- P. Rodríguez-Gonzálvez,, Muñoz-Nieto, Á.L., Pozo, S.D., Sánchez-Aparicio, L.J., Mills, J.P., Fieber, K.D., Haynes, I., Guidi, G., Micoli, L.L., Barsanti, S.G., 4D Reconstruction of Cultural Heritage Sites. In Latest Developments in Reality-Based 3D Surveying and Modelling; Remondino, F., Georgopoulos, A., González-Aguilera, D., Agrafiotis, P. (eds.); pp. 119-140, 2018
- M. Forte, N. Dell’Unto, K. Jonsson, N. Lercari, Interpretation Process at Chatalhöyük using 3D. In Assembling Çatalhöyük; Hodder I., Marciniak a. (eds.), 2015
- P. Verhagen, Spatial Analysis in Archaeology: Moving into New Territories. In: Siart, C., Forbriger, M., Bubenzer, O. (eds.) Digital Geoarchaeology. Natural Science in Archaeology, 2018
- A. Argyrou, Agapiou A. A., Review of Artificial Intelligence and Remote Sensing for Archaeological Research. In Remote Sensing 14, 2022
- L. Deravignone, Macchi Janica G., Artificial Neural Network in archaeology. In Archeologia e Calcolatori, 17, pp. 121-136, 2006
- L. Magnini, Bettineschi C., Theory and Practice for an Object-based Approach in Archaeological Remote Sensing. In Journal of Archaeological Science, 107, pp. 10-22, 2019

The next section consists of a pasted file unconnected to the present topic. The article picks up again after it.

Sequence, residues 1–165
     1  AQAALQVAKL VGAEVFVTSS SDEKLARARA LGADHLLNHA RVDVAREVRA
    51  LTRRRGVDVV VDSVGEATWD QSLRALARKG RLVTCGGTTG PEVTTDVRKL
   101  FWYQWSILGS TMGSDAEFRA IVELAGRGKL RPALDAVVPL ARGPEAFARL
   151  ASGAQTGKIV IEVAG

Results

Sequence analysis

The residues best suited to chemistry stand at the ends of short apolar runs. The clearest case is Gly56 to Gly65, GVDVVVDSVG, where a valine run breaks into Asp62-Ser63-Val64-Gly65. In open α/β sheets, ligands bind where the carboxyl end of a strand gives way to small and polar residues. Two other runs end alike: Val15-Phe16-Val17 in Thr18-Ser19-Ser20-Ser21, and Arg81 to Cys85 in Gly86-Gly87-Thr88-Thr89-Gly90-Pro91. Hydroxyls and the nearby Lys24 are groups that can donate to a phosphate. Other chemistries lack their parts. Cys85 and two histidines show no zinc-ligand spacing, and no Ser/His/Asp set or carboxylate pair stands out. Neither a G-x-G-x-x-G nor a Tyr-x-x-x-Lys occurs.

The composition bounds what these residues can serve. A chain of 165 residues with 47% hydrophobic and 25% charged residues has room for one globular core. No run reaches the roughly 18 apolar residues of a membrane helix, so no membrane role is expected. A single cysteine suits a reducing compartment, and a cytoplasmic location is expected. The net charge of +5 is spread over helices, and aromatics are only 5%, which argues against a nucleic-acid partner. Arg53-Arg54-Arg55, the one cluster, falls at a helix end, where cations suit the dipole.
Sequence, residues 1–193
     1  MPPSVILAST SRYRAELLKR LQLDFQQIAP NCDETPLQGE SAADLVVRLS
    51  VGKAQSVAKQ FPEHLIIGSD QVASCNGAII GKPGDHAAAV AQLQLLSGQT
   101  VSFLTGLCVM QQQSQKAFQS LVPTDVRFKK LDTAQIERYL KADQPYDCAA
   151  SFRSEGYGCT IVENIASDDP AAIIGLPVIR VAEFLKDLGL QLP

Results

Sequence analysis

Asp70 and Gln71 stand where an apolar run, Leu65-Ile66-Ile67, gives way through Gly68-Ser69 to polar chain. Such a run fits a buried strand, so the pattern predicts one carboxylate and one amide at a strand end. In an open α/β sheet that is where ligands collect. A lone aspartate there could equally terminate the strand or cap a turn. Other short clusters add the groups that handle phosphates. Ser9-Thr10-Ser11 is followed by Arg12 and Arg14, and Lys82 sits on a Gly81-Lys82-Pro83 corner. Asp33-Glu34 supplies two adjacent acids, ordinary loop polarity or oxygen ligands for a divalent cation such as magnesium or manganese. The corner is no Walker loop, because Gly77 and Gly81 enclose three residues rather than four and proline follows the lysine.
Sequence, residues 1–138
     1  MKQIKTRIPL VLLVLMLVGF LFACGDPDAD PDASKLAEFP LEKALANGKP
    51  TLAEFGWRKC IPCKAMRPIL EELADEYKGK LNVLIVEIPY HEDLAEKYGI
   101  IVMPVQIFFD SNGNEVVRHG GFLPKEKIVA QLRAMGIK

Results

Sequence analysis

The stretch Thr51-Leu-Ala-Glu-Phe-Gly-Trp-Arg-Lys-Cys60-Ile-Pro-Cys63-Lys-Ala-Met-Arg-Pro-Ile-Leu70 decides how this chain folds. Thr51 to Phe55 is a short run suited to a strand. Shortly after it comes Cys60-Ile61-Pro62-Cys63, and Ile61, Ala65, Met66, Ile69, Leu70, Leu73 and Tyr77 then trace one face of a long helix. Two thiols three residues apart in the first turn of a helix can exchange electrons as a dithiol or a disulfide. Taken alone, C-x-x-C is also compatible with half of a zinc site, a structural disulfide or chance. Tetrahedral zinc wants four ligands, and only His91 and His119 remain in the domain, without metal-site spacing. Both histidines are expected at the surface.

- J. Casana, Global-Scale Archaeological Prospection using CORONA Satellite Imagery: Automated, Crowd-Sourced, and Expert-led Approaches. In Journal of Field Archaeology, 45:sup1, S89-S100, 2020
Grades: Minimum of 18 to a maximum of 30/30 cum laude.
- completeness and clarity in the presentation of the acquired information;
- aptitude in critical and personal assessment;
- capacity in making the attained knowledge relevant to the personal experience and original contexts/cases.

Assessment will grade the class participation (25%) and the final oral examination (75%), in which students will be evaluated as to the knowledge and the skills they acquired during the course.
The modules include frontal lessons and lectures with Italian and international guest scholars.
Lessons are completed with hybrid (in-person and virtual) site visits using remote devices.

This subject deals with topics related to the macro-area "Cities, infrastructure and social capital" and contributes to the achievement of one or more goals of U. N. Agenda for Sustainable Development

Definitive programme.
Last update of the programme: 27/06/2023